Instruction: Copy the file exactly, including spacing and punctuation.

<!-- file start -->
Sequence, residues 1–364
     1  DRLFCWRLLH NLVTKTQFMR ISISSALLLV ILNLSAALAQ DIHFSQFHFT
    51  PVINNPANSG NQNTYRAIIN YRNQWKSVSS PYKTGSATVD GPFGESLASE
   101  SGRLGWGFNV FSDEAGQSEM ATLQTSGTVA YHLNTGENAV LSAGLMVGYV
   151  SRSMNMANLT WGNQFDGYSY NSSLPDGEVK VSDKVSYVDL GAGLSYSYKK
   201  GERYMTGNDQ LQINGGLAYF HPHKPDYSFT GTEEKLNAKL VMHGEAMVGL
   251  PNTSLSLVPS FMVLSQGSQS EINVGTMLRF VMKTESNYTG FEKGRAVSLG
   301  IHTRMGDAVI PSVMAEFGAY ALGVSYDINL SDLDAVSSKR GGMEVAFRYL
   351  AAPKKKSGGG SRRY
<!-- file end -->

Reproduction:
Sequence, residues 1–364
     1  DRLFCWRLLH NLVTKTQFMR ISISSALLLV ILNLSAALAQ DIHFSQFHFT
    51  PVINNPANSG NQNTYRAIIN YRNQWKSVSS PYKTGSATVD GPFGESLASE
   101  SGRLGWGFNV FSDEAGQSEM ATLQTSGTVA YHLNTGENAV LSAGLMVGYV
   151  SRSMNMANLT WGNQFDGYSY NSSLPDGEVK VSDKVSYVDL GAGLSYSYKK
   201  GERYMTGNDQ LQINGGLAYF HPHKPDYSFT GTEEKLNAKL VMHGEAMVGL
   251  PNTSLSLVPS FMVLSQGSQS EINVGTMLRF VMKTESNYTG FEKGRAVSLG
   301  IHTRMGDAVI PSVMAEFGAY ALGVSYDINL SDLDAVSSKR GGMEVAFRYL
   351  AAPKKKSGGG SRRY